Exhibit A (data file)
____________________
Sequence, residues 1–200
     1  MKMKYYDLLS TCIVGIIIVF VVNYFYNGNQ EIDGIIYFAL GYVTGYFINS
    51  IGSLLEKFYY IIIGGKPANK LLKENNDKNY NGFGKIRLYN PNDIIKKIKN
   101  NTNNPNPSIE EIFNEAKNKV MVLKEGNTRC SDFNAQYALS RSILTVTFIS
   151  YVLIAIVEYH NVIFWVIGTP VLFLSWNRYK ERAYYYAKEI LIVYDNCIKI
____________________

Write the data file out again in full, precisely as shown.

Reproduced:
Sequence, residues 1–200
     1  MKMKYYDLLS TCIVGIIIVF VVNYFYNGNQ EIDGIIYFAL GYVTGYFINS
    51  IGSLLEKFYY IIIGGKPANK LLKENNDKNY NGFGKIRLYN PNDIIKKIKN
   101  NTNNPNPSIE EIFNEAKNKV MVLKEGNTRC SDFNAQYALS RSILTVTFIS
   151  YVLIAIVEYH NVIFWVIGTP VLFLSWNRYK ERAYYYAKEI LIVYDNCIKI